Roamy here. Here’s another story my dad likes to tell. During WWII, traveling wasn’t easy and frequently frowned upon. (“Don’t you know there’s a war on?”) Gas and tires were rationed, so my grandparents and father traveled from Tampa to Georgia by train. It had been two or three years since my grandfather had seen his brother, and it was time for a visit.
My great-uncle lived in Dublin, GA at the time, where there was a military hospital for convalescing soldiers and also a prisoner-of-war camp. The Dublin POW camp was probably administered out of Camp Wheeler in Macon. Nearly 700 POW camps in the US housed over 425,000 prisoners, mostly Germans, during the war. Many of these camps were located in the South, where the prisoners could be used as farm labor, filling in for the Americans fighting overseas. They were paid for their labor, according to the Geneva Convention.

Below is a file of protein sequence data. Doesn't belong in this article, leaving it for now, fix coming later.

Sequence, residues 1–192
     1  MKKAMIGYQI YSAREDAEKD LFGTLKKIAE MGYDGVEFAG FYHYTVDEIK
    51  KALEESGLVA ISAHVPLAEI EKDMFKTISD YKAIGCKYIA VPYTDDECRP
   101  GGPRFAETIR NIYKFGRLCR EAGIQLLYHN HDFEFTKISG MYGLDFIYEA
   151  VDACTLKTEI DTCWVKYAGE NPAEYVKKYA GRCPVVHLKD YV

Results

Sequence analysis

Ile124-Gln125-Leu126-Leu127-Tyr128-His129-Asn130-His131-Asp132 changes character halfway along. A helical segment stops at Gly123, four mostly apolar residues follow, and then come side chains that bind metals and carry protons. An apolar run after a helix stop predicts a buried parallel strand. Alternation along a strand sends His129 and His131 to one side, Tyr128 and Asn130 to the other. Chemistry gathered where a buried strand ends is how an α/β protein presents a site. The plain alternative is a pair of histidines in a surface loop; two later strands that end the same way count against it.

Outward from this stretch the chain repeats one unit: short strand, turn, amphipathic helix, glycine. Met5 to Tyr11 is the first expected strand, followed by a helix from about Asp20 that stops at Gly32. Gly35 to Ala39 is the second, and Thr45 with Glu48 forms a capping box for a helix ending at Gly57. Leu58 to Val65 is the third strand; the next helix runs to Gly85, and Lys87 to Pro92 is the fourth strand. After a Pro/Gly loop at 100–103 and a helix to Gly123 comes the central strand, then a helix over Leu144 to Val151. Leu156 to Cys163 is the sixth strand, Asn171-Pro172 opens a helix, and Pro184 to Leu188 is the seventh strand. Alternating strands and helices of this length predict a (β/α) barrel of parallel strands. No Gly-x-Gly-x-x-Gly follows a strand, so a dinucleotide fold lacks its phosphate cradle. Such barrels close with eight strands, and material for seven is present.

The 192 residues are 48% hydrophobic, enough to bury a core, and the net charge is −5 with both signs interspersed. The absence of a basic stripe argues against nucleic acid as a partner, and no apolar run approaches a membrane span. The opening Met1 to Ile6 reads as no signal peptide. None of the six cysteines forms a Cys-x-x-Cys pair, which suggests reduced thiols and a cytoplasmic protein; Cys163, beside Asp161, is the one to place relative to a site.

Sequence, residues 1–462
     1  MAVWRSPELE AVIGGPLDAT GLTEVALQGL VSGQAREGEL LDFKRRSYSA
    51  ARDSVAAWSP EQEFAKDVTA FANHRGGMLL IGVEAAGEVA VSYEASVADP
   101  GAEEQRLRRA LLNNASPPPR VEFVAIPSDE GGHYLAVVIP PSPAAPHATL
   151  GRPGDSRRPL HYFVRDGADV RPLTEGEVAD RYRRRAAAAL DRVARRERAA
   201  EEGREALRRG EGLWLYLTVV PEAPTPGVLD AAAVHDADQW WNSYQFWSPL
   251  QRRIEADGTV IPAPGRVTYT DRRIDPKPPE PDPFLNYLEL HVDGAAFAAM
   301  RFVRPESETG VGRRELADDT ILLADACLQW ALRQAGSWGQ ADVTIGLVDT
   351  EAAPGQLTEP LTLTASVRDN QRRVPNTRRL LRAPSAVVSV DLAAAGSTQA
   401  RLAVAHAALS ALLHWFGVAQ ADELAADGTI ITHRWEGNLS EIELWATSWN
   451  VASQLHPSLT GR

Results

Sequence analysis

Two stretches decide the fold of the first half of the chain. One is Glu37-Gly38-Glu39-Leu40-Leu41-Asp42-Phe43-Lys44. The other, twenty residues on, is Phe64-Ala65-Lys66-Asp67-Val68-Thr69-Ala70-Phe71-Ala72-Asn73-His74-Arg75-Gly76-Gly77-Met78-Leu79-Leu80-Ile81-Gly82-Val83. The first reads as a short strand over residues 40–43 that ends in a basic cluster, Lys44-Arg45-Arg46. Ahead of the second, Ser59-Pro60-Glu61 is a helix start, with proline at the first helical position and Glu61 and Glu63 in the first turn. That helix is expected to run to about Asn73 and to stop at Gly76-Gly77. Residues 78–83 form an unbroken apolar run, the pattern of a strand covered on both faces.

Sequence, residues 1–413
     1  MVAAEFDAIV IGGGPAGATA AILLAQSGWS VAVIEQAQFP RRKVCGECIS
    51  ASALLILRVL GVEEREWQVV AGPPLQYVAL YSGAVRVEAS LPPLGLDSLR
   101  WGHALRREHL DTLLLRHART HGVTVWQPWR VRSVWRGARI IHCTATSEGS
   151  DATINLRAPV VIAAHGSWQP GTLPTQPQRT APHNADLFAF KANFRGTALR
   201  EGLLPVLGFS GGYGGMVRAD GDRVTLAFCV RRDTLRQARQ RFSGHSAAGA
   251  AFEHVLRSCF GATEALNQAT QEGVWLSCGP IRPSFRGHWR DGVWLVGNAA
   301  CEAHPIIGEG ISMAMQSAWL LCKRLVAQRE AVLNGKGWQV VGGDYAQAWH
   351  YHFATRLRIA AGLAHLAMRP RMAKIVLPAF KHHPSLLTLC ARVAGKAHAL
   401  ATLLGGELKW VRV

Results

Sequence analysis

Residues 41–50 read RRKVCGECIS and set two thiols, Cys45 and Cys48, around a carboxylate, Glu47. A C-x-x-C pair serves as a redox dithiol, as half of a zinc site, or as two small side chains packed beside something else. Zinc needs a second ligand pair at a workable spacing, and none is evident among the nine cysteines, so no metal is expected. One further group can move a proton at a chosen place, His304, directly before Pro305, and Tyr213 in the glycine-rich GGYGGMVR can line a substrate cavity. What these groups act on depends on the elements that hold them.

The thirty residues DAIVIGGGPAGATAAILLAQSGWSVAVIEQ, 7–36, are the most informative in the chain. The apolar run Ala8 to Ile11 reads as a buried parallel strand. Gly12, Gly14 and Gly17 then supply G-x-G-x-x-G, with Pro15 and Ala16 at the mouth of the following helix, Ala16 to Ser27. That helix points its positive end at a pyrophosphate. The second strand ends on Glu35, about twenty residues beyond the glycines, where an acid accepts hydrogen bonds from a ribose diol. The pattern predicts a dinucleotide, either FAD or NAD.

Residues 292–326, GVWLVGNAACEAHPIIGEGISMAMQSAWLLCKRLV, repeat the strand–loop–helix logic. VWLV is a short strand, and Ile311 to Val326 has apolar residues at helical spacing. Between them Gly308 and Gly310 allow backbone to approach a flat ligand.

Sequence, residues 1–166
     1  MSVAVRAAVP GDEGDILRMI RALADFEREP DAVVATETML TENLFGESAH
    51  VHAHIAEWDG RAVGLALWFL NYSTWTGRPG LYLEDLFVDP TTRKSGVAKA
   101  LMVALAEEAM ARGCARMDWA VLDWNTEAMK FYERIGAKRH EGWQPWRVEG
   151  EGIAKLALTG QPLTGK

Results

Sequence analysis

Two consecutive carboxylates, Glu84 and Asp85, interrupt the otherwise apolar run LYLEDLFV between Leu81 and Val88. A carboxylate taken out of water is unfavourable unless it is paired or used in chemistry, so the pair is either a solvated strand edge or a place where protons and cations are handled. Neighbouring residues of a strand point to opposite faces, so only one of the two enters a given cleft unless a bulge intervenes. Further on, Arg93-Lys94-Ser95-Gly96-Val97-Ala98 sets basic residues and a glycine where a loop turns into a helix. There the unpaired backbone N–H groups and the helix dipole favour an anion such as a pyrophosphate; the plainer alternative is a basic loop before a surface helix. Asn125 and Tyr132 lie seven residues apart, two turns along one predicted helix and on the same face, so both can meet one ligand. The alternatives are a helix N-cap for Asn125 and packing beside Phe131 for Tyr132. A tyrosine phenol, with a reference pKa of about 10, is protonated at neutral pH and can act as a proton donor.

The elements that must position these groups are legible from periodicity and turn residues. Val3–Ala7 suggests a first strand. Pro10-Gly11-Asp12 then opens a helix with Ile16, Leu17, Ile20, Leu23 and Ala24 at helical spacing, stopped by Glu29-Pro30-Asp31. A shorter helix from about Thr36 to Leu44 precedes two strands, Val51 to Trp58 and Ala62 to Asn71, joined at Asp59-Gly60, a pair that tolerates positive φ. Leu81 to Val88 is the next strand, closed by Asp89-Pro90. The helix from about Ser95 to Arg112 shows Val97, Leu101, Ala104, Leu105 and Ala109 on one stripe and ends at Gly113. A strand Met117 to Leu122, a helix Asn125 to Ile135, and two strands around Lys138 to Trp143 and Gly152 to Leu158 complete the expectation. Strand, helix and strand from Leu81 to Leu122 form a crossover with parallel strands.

My dad was shocked upon arrival at his uncle’s house to find a Luftwaffe Oberst cutting the grass. “Daddy! There’s a German!” The gentleman was in uniform with “POW” in big yellow letters on his back. My grandmother shushed my dad, but the Oberst didn’t say a word, just straightened his back and kept working. My great-uncle had hired him not only for yardwork but also other oddjobs. He was probably paid 80 cents a day.
There were POW camps in 46 states, though the whole network was kept pretty quiet. After the war ended, the prisoners were returned to their home countries with the money they earned and at least some fluency in English. About 860 German POWs remain buried in American military cemeteries, including over 100 in the National Cemetery in Chattanooga. There is a POW Museum in Algona, Iowa.
As a side note, the Dublin military hospital was later named for Congressman Carl Vinson of Georgia.